2. 2. Place the meat fat-side down. On a cutting board, position the piece of mbeeffat-side down so you can see the grain or muscle fibers. You can also cut off the excess fat from corned beef. There are two main cuts of beef brisket used for corned beef: the flat cut and the point cut. The flat cut is leaner, while the point cut has more fat, marbling, and connective tissue.
  3. 3. Cut against the grain. Use a carving knife and slice against the grain of the meat to get tender slices of beef. Slicing along the grain, or in the same direction as the muscle fibers, will result in slices with a tough and stringy texture. Traditionally, slices of corned beef for an entree are a quarter-inch thick. For deli sandwiches, you can cut corned beef into paper-thin slices.

How to Serve Corned Beef

Corned beef has many applications on breakfast, lunch, and dinner menus. Consider the following ways to prepare and enjoy corned beef:

  1. 1. Traditional corned beef: You can serve corned beef with boiled potatoes, cabbage, and carrots on a large platter. Make a side dish of creamy horseradish sauce or parsley sauce made from parsley and a buttery bechamel to drizzle over the boiled dinner.
  2. 2. Corned beef hash: Popularized in American diners, corned beef hash is made with diced corned beef served over crispy hash brown potatoes with an egg.
  3. 3. Corned beef sandwich: Corned beef is also popular in Jewish-American delis. Serve corned beef sliced thin in a classic Reuben sandwich or on rye bread with slaw and dijon mustard or Russian dressing.
  4. 4. Corned beef tacos: You can thinly slice leftover corned beef brisket to make tacos. Top with julienned carrots and cabbage slaw.

How Do I Slice Corned Beef?

Subtly spiced and slightly salty corned beef, served with boiled potatoes and cabbage, is usually connected with St. Patrick’s Day in the United States. Irish-Americans started this holiday tradition in the 19th century. But corned beef is also the star of a Reuben sandwich and breakfast hash, no matter the date. The secret to tender slices of meat is to cut it against the grain.

Cutting Against the Grain

Corned beef is made from the brisket cut of a cow. Long muscle fibers run through the cut from end to end and form the grain. If you cut with the grain, or parallel to the fibers, you’ll get long, stringy, tough pieces of meat.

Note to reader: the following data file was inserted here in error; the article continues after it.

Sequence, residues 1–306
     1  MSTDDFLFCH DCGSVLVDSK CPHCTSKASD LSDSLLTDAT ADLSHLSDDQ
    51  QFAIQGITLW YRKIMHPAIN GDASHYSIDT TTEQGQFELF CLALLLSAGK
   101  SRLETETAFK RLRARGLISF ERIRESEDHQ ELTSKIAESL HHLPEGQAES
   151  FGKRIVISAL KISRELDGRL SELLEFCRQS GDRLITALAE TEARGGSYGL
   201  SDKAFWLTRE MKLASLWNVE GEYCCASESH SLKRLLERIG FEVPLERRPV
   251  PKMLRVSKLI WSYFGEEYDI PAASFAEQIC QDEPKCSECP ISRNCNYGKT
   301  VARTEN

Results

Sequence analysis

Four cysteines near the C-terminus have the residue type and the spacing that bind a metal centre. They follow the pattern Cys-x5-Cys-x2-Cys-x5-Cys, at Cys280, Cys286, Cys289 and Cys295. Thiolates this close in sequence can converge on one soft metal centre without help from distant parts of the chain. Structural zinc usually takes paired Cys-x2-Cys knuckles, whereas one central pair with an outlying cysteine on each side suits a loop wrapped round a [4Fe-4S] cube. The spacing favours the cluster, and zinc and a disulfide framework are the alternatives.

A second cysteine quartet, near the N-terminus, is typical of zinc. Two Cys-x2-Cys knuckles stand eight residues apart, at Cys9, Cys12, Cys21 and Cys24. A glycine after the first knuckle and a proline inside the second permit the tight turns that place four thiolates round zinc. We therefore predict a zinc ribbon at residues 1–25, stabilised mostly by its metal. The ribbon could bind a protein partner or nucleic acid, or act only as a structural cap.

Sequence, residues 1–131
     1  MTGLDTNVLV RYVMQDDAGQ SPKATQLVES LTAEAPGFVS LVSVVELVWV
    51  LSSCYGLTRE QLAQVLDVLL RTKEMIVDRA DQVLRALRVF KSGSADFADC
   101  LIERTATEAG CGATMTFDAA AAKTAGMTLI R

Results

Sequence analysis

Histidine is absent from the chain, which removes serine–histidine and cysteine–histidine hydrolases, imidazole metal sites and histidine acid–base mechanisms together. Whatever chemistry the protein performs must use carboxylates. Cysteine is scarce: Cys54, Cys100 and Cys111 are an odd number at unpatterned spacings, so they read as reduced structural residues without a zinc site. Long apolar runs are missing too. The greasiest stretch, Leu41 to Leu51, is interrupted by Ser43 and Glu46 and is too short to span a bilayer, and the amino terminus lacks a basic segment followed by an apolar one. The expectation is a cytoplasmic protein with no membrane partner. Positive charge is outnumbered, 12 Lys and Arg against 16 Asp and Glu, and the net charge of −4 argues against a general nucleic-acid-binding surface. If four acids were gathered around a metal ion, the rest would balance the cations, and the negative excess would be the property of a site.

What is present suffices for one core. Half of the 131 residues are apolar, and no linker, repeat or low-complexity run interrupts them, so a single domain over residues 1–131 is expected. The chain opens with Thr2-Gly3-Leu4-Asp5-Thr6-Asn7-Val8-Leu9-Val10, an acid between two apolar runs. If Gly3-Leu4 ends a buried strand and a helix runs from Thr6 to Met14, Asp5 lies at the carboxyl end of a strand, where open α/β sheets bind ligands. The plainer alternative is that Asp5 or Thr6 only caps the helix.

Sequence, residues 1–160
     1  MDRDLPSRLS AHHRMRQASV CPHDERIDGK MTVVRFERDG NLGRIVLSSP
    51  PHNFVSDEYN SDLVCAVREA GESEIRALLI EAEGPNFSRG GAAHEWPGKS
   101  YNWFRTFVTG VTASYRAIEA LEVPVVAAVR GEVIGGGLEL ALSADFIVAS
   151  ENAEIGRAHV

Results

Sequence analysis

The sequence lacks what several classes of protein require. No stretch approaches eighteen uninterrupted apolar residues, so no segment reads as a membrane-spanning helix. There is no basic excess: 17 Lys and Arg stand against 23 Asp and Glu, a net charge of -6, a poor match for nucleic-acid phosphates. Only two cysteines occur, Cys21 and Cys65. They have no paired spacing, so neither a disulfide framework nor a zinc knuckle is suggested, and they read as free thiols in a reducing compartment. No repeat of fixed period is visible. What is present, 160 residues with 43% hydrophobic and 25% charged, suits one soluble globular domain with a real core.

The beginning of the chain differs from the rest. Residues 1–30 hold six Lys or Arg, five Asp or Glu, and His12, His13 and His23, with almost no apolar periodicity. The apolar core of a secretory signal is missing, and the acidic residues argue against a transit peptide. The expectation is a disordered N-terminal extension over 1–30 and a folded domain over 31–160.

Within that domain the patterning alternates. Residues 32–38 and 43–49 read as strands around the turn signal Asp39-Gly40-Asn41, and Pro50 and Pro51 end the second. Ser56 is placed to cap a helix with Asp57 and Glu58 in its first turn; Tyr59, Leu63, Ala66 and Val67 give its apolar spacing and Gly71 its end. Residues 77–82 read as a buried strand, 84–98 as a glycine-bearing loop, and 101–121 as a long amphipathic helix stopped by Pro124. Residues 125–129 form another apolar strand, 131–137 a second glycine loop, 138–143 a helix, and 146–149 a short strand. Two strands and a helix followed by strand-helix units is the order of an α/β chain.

It’s usually easy to see which way the grain runs – it looks like lines running across the meat. If “eyeballing” it doesn’t work for you, hold the brisket by its ends and pull. You should be able to see the fibers separate slightly.

For tender slices of corned beef, place your knife perpendicular to the grain. If you’re unsure that you’re doing it right, cut a test slice. If it’s stringy, you’re cutting with the grain. Turn your knife 90 degrees and cut another slice. When cooked, it should be fork tender with short fibers.

Perfect Corned Beef Recipe

Braising, low and slow, is the secret to perfectly tender and flavorful corned beef. It’s worth investing in a cast iron Dutch oven with a tight-fitting lid if you frequently cook corned beef at home.

Heat the oven to 300 degrees Fahrenheit. Remove the corned beef from the packaging and put it in the Dutch oven. There may be a packet of corning spices included with the corned beef. It’s not necessary to use it when you’re cooking with this method. Add enough water, beef stock or beer to the Dutch oven to almost cover the corned beef. Cook vegetables like peeled and quartered potatoes, sliced carrots and quartered cabbage on the stovetop to accompany the meat.

Put the cover on the pot, place it in the oven and cook for three hours. Test the meat after three hours – it should be fork tender. If it isn’t, return it to the oven for another hour. Remove the meat from the Dutch oven and let it rest for at least 10 minutes. Slice against the grain.